Indian National Flag
National Flag of India
Title: Tricolour / Tiranga
Colors: Saffron, White and Green; Navy Blue in the Askoka Chakra
Dimension ratio: 2:3
Material: Khadi Cotton or Silk
Adopted on: July 22, 1947
Designed by: Pingali Venkayya
Manufactured by: Khadi Development and Village Industries Commission
Mahatma Gandhi said, ‘A flag is a necessity for all nations. Millions have died for it. It is no doubt a kind of idolatry which would be a sin to destroy. For, a flag represents an Ideal.’ The national flag is the banner that imparts a nation its own unique identity, proclaims to world of its sovereignty, and announces the principles on which lies the country’s foundation.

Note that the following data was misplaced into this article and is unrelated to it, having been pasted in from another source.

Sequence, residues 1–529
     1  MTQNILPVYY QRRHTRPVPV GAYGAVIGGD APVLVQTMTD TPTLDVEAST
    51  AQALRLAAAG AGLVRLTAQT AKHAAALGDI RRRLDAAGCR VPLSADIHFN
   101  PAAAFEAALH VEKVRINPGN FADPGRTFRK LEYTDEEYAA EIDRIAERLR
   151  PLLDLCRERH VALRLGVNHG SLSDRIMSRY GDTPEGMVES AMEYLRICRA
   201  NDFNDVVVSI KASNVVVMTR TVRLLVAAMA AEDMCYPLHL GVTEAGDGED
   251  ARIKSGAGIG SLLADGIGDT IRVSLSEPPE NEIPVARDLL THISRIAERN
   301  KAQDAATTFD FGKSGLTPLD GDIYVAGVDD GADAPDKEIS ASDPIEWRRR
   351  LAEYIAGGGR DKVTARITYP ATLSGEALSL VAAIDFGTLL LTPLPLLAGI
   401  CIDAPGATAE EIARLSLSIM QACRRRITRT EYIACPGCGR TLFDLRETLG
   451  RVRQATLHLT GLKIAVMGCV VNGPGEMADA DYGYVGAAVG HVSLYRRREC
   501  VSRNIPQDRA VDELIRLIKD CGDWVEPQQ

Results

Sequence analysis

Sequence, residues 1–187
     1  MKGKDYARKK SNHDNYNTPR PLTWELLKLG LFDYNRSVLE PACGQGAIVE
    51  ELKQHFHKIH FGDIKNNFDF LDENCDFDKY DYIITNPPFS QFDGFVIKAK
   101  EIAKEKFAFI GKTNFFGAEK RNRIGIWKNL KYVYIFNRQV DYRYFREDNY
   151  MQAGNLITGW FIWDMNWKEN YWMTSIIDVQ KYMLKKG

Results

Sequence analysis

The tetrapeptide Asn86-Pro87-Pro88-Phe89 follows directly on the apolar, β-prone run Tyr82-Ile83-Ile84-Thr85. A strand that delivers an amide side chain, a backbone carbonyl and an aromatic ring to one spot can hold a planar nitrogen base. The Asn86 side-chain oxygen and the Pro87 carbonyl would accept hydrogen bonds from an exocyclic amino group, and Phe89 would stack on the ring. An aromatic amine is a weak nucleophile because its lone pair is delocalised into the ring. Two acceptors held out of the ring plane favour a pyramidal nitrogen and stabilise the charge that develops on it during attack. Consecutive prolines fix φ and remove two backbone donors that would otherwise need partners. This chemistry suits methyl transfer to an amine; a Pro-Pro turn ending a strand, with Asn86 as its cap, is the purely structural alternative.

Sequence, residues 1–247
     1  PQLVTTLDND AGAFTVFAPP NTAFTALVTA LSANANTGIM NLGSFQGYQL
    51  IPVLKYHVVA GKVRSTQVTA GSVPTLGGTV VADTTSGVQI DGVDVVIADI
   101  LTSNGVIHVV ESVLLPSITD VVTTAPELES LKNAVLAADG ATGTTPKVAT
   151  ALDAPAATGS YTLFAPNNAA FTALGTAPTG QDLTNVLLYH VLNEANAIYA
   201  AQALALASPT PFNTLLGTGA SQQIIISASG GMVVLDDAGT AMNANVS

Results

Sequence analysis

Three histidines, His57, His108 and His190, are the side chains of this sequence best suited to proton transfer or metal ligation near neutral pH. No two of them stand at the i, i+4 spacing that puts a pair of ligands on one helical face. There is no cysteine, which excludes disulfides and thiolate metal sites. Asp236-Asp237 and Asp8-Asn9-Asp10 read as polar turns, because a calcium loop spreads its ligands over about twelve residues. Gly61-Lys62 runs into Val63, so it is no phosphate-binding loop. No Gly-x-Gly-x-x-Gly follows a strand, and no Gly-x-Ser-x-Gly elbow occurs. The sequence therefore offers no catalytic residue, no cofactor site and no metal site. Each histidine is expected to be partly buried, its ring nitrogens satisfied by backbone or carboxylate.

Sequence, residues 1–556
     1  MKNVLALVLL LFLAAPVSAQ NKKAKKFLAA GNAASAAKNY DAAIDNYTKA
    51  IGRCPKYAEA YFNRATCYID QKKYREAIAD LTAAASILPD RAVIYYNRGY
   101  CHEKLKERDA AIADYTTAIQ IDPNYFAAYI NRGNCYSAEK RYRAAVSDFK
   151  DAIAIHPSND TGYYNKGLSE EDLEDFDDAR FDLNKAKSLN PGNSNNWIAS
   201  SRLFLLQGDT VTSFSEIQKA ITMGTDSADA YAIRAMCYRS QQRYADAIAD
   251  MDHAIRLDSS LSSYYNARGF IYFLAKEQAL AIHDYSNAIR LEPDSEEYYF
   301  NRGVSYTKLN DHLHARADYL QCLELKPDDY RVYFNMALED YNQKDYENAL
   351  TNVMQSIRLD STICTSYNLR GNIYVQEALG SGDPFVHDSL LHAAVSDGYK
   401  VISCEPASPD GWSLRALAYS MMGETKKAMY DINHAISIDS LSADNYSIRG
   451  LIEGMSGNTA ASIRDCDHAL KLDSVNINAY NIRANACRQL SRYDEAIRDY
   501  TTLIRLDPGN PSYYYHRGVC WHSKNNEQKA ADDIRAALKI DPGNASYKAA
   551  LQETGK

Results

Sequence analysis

The National flag of India is rectangular in shape and consists of three colors – saffron, white and green. The present form of the flag was adopted by the Constituent Assembly of India on 22 July, 1947 – 24 days prior to the formal declaration of Independence.
The rectangular tricolor flag consists of three equal horizontal segments, with saffron on top, white in the middle and green at the bottom. At the center of the white stripe is a depiction of Ashok Chakra in navy blue. It is round hollow wheel and has 24 spokes radiating from the center. The RGB values for referring to the colors of the Indian National flag are India saffron (#FF9933), white (#FFFFFF), India green (#138808), and navy blue (#000080). The dimension of the flag should be of 2:3 ratio, i.e. the length should be 1.5 times the breadth. The flag is to be made from Khadi, hand-woven cotton or silk, following the manufacturing protocols laid out by the Bureau of Indian Standards (BIS). The Khadi Development and Village Industries Commission hold the right to manufacture the Indian National flag and as of 2009, the responsibility lies with the Karnataka Khadi Gramodyoga Sanyukta Sangha.